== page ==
But Messier, like many other women who experience abuse, initially found excuses to stay. "When you are abused you live in fear and shame and silence". You don't want to tell anyone", Messier says. She was worried about leaving her pets behind, and this became her rationale.
At the time, she had a good job as an investigator for Canada's Revenue agency. She lived alone with her partner, loyally supporting him despite his drug habit, which she hoped he would kick. Her pets became her only companions when her partner was out binging on cocaine. "It struck me how attached we become to animals when we are attacked".
Messier, 53, finally got out of the relationship nine years ago. She was emotionally traumatized, but physically unscathed (apart from a cut lip during her partner's final violent fit before she left him). Her pets were not so lucky. Her German shepherd, Pepper, died of a heart attack caused by stress soon afterward. The cat lived on, but with a permanent limp in the leg. Messier says that watching them became a daily reminder of the trauma. "They are like kids: innocent and they love you. I felt their pain in my heart because I couldn't protect them," she says.
Messier wondered if there were other women who shared her story. She called a local shelter and quickly discovered that her experience was common. Women said they had postponed leaving abusive partners because they had nowhere to take their pets, and felt that they couldn't leave them behind.
The call was an epiphany for Messier. On February 14, 2008 (choosing Valentine's Day was deliberate) she founded "AnimEscale", a charity that hostels animals belonging to women escaping abuse.
"Domestic violence" is the term used in English, Messier says. "It's so accurate, because it expresses the "collateral damage that comes with abuse. The whole household suffers". She says "as the violence grows, the attachment to their animals grows. I didn't want them [the women] to stay because of the animals".
Messier initially hosteled women's pets in her Montreal area condo. Then, partially to accommodate her growing household, she moved to a house in the countryside in the Lanaudiere area of Quebec along the St. Lawrence river.
In her second year she hosteled 39 animals, including a mouse.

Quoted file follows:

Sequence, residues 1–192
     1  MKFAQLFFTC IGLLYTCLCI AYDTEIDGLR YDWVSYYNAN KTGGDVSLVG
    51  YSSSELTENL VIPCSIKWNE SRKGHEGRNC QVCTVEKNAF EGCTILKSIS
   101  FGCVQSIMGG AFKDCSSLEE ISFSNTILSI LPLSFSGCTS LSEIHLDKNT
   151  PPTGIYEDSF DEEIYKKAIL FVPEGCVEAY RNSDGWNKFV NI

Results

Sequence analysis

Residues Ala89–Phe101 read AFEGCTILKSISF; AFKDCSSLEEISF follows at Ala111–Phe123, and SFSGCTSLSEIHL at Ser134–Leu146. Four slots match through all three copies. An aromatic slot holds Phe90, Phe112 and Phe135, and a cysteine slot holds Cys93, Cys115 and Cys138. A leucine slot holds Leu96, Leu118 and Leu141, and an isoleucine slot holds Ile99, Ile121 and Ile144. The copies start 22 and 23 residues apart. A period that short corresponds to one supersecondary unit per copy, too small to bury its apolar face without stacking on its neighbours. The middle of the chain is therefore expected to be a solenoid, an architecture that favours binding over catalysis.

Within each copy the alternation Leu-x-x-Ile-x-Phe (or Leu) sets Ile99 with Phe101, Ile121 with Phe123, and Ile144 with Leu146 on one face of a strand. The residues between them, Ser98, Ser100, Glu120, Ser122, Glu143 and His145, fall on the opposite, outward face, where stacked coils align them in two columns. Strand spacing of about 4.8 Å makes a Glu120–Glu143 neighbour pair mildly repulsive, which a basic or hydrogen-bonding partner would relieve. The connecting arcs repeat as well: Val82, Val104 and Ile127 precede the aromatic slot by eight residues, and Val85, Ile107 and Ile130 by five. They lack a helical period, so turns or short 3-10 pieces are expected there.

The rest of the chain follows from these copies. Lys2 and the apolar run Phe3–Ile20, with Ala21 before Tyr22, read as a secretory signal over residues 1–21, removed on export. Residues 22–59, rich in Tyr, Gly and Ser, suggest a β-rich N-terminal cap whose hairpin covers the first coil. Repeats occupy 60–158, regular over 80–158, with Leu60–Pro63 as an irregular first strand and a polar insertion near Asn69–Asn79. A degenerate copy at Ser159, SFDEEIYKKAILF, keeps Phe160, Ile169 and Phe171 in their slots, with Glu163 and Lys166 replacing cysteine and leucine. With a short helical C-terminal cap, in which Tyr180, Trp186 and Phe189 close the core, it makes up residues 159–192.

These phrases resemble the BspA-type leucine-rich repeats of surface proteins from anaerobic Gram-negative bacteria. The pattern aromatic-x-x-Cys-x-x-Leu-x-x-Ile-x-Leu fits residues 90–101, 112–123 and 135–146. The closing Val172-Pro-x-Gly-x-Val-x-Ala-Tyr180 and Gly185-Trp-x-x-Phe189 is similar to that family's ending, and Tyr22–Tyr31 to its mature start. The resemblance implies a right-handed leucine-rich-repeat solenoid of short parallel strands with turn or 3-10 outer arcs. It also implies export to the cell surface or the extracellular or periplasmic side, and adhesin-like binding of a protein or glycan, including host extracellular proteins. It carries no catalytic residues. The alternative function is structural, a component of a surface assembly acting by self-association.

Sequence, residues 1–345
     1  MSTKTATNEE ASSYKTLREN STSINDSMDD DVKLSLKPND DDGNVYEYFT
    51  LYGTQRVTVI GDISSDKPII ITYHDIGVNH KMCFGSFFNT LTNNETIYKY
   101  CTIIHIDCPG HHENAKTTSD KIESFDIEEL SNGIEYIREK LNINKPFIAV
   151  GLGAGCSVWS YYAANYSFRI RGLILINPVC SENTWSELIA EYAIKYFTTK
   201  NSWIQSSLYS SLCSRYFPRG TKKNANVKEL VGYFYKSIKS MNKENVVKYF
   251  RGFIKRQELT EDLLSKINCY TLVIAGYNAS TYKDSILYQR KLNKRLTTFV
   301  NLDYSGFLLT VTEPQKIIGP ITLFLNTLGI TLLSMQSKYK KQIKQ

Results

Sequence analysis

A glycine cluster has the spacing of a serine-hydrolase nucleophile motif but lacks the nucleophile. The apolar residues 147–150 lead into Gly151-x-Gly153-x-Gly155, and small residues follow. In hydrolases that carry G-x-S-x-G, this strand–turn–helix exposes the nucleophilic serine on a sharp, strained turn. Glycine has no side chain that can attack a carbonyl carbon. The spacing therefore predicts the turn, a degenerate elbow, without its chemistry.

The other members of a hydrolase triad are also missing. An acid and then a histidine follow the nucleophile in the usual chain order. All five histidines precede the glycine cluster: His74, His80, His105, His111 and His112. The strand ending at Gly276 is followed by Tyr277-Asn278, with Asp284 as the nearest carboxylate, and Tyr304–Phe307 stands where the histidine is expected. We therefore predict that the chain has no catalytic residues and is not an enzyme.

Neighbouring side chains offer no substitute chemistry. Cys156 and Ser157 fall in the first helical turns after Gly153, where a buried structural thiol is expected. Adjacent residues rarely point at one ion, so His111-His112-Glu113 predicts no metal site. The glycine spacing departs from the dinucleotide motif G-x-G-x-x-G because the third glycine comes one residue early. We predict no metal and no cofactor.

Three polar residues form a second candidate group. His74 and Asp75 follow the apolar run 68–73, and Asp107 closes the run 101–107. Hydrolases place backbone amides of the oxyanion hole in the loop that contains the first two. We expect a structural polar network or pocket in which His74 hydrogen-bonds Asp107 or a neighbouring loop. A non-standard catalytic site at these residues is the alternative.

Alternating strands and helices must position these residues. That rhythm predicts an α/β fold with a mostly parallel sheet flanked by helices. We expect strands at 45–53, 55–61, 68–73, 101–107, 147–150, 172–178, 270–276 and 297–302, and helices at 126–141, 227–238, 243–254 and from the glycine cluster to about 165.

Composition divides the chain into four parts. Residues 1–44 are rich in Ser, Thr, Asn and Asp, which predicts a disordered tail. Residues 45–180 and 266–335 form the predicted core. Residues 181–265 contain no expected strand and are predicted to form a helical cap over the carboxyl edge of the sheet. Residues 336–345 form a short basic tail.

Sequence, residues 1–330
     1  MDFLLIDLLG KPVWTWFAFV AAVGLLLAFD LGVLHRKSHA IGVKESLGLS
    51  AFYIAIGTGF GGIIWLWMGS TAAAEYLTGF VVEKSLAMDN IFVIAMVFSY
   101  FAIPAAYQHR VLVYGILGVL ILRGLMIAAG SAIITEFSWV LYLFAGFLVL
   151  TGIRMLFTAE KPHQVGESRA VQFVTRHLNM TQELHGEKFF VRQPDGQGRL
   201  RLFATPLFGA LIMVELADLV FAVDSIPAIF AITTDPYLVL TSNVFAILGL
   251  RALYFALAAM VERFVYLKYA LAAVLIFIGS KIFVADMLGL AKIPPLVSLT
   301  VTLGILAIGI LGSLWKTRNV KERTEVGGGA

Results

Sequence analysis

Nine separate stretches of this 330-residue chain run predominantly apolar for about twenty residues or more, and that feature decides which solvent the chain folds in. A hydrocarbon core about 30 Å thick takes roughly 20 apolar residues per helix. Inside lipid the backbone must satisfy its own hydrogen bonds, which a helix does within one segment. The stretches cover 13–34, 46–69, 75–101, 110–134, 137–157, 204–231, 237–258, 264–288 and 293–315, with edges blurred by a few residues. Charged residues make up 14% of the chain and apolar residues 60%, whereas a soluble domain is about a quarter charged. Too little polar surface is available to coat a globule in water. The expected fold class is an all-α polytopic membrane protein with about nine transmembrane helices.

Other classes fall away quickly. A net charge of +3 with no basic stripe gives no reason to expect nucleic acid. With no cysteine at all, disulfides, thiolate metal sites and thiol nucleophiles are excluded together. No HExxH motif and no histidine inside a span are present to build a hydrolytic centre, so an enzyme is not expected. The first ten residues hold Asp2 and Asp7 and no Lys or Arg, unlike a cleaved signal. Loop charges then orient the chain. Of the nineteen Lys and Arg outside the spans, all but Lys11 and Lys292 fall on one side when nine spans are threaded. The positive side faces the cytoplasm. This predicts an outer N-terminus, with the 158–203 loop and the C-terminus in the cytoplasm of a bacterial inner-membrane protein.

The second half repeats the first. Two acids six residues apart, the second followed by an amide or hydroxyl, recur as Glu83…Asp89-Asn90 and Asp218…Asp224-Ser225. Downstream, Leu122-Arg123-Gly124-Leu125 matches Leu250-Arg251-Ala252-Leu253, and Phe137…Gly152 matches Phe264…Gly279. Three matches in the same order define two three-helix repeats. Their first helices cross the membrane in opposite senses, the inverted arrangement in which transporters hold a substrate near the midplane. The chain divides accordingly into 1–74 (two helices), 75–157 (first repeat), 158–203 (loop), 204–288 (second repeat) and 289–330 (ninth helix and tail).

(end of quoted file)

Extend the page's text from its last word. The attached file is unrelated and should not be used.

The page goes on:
This year she has accepted 51 animals but had to decline 146 more. Right now, she has a rabbit, two dogs, two birds, and four cats. On the way is another cat and a parrot. She'd love to take more, but it is personally expensive . She has some private funding, but most of the expenditures come from her own pocket (about $30,000), and she is living on disability payments because of a broken collarbone. "It is frustrating having women plead with me to take their animals and I can't."
The stories she tells are heartbreaking, even chilling. One night, very late, she was awakened by a woman who had gone to a shelter with her four children.She asked Nicole to take care of her animals. The budgie cage was broken. The mother said the father had smashed it. Her little girl was holding a plastic bag with two fish in it . The mother apologized about the bag, explaining that the father had smashed up the little girl's acquarium.
Messier calls the pets she fosters "her little blessings". She listens to the women's stories too. "They want to be listened to. I don't give advice. I won't interfere", she says. But she quotes her deceased father, whom she attributes with inspiring her to change her life. He would say "you have two ears and one mouth". It's a good lesson, to listen to others"
Messier is philosophical about her work, which is now a vocation. "We have an expression in French 'refaire la vie'. It means rebuild your life. But you can't really do that", [after suffering domestic abuse], she says. "You just go on".
CATÉGORIE : Canada - Éducation, action communautaire et culture
ORGANISATION(S) : Animescale
À PROPOS DE LA CANDIDATE :
Nicole Messier sait de première main combien il peut être difficile d'échapper à la violence conjugale. Un des obstacles qui a empêché Nicole de s'extraire d'une relation abusive plus tôt dans sa vie était sa crainte de laisser derrière elle son animal de compagnie vulnérable. Cet animal avait déjà souffert de fractures. Les refuges pour femmes ne peuvent accueillir d'animaux de compagnie et Nicole savait instinctivement qu'il devait y avoir d'autres femmes et d'autres familles confrontées à ce problème.
Animscale est né pour répondre à ce genre de problème. En trois ans, elle a bâti Animscale à partir de rien. Elle prend chez elle les animaux (chiens, lapins, chats, même des reptiles et des poissons) dans sa propre maison comme s'ils étaient les siens. Elle paie pour leur castration, la vaccination et elle les nourrit et les fait toiletter. Nicole travaille bénévolement toute la journée, s'occupant des animaux chaque jour jusqu'à ce que les femmes quittent leur refuge et soient en mesure de reprendre leurs animaux avec elles.
Son partenaire actuel, Mario Tittley, affirme que Nicole désire accroître la capacité de son organisation afin de pouvoir accepter davantage d'animaux. Selon lui, « Nicole accueille plus de 50 animaux par année, mais 150 doivent être refusés parce qu'elle manque de financement. Son objectif serait de construire un nouvel édifice et de tripler le nombre d'animaux admis. »